New eye makes girl smile

THE GREATEST GIFT: Christmas came early for 10-year-old Missy Muru when she was given a new eye.
THE GREATEST GIFT: Christmas came early for 10-year-old Missy Muru when she was given a new eye.

Christmas presents come in many sizes, shapes and value, but few could be more precious than the gift Missy Muru was given - an eye.

Ten-year-old Missy took delivery this month of a prosthetic eye made for her by maxillofacial technician Michael Williams.

The result was better than her mother, Celia Enoka, could hope for.

"She is a different girl. She looks even more beautiful and she can't stop smiling."

Missy was born with an eye condition that left one eye badly damaged and almost blind. It was taken out in September and after a period of healing she was given a new, more "normal" looking eye.

The eye was made and fitted in just one day by Mr Williams, who works at Waikato Hospital.

Miss Enoka said the process was "amazing".

"We watched everything, every bit of the way. In the beginning it [the eye] was like jelly and in the end it was hard."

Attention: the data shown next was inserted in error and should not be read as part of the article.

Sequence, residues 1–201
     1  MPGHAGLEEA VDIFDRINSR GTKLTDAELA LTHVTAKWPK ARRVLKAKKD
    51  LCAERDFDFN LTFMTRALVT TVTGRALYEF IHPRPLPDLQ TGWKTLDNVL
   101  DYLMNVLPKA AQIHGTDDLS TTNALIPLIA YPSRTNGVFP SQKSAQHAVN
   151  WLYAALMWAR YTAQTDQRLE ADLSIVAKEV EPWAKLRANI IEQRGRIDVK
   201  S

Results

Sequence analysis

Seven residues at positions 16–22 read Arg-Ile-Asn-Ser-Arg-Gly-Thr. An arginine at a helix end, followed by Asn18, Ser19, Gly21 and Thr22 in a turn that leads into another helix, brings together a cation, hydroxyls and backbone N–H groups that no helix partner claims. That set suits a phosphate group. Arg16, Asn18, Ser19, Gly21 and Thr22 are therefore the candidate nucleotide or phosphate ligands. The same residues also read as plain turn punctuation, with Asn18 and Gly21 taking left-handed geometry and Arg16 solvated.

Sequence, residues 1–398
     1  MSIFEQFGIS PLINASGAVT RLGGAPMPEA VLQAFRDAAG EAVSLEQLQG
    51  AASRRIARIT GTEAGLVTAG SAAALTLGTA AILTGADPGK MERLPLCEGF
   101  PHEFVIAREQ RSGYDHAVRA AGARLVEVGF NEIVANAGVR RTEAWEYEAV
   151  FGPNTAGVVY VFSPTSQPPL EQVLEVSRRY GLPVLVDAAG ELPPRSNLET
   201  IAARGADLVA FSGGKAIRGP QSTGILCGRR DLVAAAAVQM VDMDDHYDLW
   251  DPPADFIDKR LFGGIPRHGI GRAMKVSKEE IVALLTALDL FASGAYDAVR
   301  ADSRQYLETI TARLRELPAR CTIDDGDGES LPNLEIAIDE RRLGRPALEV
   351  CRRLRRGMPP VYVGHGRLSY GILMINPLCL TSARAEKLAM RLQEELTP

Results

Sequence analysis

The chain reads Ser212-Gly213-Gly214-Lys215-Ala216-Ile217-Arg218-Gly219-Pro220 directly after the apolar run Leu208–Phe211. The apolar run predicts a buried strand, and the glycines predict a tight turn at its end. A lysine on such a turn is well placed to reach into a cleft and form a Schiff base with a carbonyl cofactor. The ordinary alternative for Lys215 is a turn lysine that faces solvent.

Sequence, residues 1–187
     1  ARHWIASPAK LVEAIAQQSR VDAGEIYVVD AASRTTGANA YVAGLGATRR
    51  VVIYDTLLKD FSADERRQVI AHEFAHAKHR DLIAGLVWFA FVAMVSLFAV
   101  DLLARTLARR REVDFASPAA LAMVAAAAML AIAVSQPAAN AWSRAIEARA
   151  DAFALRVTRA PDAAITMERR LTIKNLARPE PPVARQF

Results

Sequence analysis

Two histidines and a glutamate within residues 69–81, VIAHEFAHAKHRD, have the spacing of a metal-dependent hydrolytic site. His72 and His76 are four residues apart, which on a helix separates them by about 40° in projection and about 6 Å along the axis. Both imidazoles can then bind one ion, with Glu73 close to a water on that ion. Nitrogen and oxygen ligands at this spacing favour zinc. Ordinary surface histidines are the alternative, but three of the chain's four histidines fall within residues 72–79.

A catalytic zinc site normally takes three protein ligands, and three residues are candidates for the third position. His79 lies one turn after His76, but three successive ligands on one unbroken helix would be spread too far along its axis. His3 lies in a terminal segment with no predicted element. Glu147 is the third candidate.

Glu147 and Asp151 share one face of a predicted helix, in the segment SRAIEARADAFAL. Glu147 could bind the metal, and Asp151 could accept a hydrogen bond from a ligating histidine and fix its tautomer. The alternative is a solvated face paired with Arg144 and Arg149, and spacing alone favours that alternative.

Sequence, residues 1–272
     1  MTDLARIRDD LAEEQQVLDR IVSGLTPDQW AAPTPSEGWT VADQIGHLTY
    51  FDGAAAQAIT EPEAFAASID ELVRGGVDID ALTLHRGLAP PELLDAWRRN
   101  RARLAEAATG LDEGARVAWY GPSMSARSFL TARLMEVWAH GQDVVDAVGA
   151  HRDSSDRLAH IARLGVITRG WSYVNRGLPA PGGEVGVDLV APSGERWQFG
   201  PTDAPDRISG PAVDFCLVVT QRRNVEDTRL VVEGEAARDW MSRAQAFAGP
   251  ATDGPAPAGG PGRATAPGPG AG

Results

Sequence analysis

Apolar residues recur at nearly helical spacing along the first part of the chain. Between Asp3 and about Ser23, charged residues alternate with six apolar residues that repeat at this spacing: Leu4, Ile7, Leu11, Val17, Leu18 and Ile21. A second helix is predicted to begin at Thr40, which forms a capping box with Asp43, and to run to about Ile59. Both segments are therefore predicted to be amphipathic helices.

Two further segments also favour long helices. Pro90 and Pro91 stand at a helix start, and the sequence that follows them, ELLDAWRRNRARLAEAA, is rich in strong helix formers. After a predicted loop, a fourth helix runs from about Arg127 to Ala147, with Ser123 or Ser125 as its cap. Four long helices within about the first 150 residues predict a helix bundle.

The reaction of Missy's mum when she first saw her daughter's new eye was a moment of great joy, Mr Williams said.

"That made my day really," he said.

"It [Missy's new eye] made such a huge change not just to the patient but to her family as well.

"It's good to be doing a job that helps people to get an outcome like that and just improves the quality of a person's life."

It took Missy about a week to recover and to get used to her new eye.

"The following week she was back at school," Miss Enoka said.

"It is the first time I had ever seen her like that, ever since she was a baby.

"In the last two or three weeks her confidence has been boosted through the roof. She is coming home talking about things she had never done like kapa haka.

"A report sent home said her teacher put her in front of everyone and she was the kaea (leader). And that was a high point. That was beautiful thinking that she's now become a leader and the things that she really wants to do, she can do."

Waikato Times